Stockport votes against controversial ‘spatial framework’ masterplan, leaving region’s flagship development blueprint in doubt

Date published: 04 December 2020

The Greater Manchester Spatial Framework appears to be dead – at least in the city-region spanning form it was originally intended – after Stockport councillors voted to reject the long-delayed masterplan.

It means that Stockport now has three years to come up with its own local plan, while the remaining nine boroughs will have to decide whether to continue with a joint blueprint or scrap the project altogether.

Following an adjournment last month, Labour offered a further 11th hour compromise to take the 500-home High Lane development out of the Stockport plan, as well as scaling down proposals for Heald Green and Woodford Aerodrome.

But this was rejected as ‘too little, too late’ by the Tories on Stockport council, while the Lib Dems also saw no reason to drop their long-standing opposition to the plan.

The sacrifice of green belt land for housing and employment sites has been at the heart of the controversy that has surrounded the GMSF since its first draft was published in 2016.

It has since undergone two rewrites and the version that went before Stockport councillors on Thursday night meant that just 1.2% of the borough’s green belt would potentially be developed over the next 17 years.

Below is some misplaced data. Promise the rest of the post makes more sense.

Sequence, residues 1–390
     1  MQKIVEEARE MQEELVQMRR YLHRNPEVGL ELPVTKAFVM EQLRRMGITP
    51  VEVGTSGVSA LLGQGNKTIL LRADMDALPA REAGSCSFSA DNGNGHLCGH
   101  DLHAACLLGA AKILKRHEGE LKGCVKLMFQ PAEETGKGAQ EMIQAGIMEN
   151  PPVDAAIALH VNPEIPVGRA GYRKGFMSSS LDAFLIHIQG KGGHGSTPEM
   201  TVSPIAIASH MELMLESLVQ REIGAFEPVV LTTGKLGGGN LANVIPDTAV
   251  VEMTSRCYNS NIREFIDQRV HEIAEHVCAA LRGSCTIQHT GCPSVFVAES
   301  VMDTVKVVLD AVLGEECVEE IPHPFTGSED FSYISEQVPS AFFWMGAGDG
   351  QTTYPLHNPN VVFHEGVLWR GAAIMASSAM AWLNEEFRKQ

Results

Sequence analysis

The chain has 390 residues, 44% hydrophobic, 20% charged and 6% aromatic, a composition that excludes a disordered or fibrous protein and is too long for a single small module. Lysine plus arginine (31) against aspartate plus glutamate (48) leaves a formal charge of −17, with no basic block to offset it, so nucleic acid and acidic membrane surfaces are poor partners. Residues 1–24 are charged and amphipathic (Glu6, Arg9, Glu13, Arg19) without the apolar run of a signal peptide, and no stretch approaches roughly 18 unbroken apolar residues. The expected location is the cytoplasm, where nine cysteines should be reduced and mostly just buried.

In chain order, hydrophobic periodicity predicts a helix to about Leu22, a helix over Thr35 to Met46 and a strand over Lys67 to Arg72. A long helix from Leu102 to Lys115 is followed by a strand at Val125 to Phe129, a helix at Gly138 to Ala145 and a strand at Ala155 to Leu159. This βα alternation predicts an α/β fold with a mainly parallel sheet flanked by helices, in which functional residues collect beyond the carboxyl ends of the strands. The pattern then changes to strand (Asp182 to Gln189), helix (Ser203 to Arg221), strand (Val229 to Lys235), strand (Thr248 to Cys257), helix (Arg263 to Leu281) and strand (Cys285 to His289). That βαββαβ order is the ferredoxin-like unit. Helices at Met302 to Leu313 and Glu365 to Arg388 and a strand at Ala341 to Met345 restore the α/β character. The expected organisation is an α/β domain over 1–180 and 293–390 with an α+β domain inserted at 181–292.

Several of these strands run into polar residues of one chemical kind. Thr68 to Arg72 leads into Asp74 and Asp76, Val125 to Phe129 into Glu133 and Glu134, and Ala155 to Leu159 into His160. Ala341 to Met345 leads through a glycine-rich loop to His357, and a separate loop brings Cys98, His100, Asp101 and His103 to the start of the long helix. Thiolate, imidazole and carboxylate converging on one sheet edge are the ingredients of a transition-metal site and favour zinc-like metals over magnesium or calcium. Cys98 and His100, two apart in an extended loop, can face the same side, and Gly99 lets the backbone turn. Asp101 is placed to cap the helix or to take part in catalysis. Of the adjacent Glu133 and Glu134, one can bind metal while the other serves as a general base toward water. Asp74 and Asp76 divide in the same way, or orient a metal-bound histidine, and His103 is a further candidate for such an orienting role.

While that may seem minimal, for those in areas affected such as Heald Green, Woodford and Romiley, it was a proposal they could not accept.

Labour has argued that the GMSF is the best way to protect the vast majority of green belt from ‘cherry picking’ by developers, while delivering the homes and jobs it needs to prosper in the long term.

But opposition groups claim the plan is fundamentally flawed: based on developer wants rather than community need, relying on ‘out-dated’ statistics and failing to account for the post-pandemic and post-Brexit landscape.

Before the vote, Stockport council leader Elise Wilson made one last plea for councillors to back the ‘bold plan for jobs, homes and the environment’.

Councillor Wilson told the meeting that investment for transport, regeneration, schools and other infrastructure could be put at risk by not signing up to the masterplan – as could control over planning decisions.

But it was the opposition groups’ view – that Stockport should ditch the GMSF and pursue its own local plan – that ultimately prevailed.

The vote would appear to have rendered pending GMSF votes in town halls across the region moot, given the current 2020 plan cannot go ahead in its current form.

Whether the remaining boroughs will choose to go ahead with a ‘plan of the nine’ – as Salford Mayor Paul Dennett has called it – or each go their separate ways remains to be seen.

A spokesperson for the Greater Manchester Combined Authority (GMCA) said: “While we regret the position that has been taken by Stockport councillors and the implications this will have for the borough, Greater Manchester will continue to work to build a sustainable future with good homes, jobs, and growth.

“Greater Manchester leaders will meet to consider the next steps in the coming days after Stockport Council’s Cabinet has met and taken the final decision on the GMSF.”

Nick Statham, Local Democracy Reporter

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